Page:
No matter how badly two people may want to separate from one another, no one enjoys going through a divorce. It can be a difficult and emotional event for even the most stable of adults. For children whose parents are getting a divorce, it can be traumatizing. A newly published report offers some suggestions on how Oregon parents can best help their children to cope during what is surely an upsetting time for them.
Released on Nov. 28, a new report from the American Academy of Pediatrics reveals that each child deals with the strain of a divorce differently. How children handle it will vary depending on their level of maturity, age and their own unique temperament. And while most will adjust to the new situation in two to three years, there may still be moments of deep emotional upset for years afterwards, particularly during milestone events like holidays, birthdays and graduations.
Recommendations for parents in the report include making an appointment to see a pediatrician. Their special insight into the emotional responses of children can help parents understand what their children are going through. They may also be able to suggest courses of action that could benefit the child.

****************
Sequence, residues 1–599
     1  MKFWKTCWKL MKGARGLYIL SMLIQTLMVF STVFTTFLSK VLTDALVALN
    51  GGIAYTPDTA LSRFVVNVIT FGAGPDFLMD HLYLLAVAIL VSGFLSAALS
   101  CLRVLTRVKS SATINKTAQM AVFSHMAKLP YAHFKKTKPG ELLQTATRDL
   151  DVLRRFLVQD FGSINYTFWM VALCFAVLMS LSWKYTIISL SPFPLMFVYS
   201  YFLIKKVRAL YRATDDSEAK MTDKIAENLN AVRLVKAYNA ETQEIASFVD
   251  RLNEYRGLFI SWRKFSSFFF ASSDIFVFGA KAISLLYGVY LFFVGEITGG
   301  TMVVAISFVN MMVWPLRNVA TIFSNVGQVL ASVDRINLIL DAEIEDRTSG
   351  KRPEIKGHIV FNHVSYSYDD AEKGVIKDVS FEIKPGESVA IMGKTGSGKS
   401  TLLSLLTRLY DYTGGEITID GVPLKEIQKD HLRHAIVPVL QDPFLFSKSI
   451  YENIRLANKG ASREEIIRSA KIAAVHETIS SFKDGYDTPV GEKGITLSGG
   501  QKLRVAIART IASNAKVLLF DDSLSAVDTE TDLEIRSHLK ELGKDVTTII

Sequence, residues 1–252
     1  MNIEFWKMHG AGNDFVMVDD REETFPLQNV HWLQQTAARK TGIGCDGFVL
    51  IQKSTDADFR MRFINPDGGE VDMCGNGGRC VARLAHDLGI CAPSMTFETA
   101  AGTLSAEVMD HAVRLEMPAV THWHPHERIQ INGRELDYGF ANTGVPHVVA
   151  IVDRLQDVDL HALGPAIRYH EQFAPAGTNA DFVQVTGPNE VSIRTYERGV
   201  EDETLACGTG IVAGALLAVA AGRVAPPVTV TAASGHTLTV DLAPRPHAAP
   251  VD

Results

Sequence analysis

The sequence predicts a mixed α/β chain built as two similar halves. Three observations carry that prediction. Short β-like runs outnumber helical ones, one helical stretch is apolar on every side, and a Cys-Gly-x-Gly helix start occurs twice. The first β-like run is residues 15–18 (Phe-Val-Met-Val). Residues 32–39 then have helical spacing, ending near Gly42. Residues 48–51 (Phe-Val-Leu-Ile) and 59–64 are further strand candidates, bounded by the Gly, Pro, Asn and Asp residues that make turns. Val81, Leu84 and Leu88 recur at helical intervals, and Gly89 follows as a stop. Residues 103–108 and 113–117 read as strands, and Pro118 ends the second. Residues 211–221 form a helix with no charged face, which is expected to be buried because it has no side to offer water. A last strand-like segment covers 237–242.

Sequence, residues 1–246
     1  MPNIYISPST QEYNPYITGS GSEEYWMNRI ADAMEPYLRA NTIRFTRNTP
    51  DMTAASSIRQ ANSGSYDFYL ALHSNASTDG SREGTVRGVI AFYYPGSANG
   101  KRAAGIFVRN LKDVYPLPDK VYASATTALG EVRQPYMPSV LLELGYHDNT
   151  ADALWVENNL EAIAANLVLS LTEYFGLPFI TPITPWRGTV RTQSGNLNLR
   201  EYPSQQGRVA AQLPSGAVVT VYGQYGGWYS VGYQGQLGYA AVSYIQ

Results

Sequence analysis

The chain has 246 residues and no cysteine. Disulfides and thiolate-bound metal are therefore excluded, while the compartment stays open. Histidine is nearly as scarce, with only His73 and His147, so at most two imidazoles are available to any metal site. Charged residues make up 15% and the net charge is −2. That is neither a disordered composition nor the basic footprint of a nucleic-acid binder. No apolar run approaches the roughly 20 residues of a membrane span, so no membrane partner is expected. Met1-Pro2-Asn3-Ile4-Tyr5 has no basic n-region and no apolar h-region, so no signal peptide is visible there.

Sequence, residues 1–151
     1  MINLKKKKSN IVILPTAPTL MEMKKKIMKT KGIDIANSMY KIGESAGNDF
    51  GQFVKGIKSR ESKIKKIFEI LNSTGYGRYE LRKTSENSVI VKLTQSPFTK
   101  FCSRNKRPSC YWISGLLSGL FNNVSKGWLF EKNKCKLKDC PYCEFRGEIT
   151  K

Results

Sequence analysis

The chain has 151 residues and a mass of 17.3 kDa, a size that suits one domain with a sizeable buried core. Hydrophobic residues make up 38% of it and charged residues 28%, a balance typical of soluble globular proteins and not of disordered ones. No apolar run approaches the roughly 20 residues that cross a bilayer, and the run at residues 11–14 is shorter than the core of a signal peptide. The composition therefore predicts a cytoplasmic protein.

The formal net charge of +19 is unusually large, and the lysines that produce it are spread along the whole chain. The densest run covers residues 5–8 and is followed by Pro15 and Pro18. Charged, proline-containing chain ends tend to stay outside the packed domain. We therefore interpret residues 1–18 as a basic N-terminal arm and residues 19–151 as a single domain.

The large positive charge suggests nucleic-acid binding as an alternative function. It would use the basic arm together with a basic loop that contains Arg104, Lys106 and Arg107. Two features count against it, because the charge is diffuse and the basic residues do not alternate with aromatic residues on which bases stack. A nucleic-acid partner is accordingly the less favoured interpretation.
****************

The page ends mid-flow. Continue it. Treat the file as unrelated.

A lot of changes are thrown at children very suddenly when their parents divorce. They may have to move to a new home and change schools. They may even have to deal with seeing their parents with new partners. All of this can be confusing for kids, and the report urges parents to be open and honest with their children when they ask questions.
It is inevitable that strong emotions will surface for everyone in the family when parents divorce. By working together to find solutions that will most help their children, parents may be able to minimize their distress. Working in collaboration with an Oregon family law firm that encourages negotiation and mediation is an excellent first step toward achieving that goal.
Source: medpagetoday.com, "AAP: Docs Can Help Kids Cope With Divorce", Alexandria Bachert, Nov. 28, 2016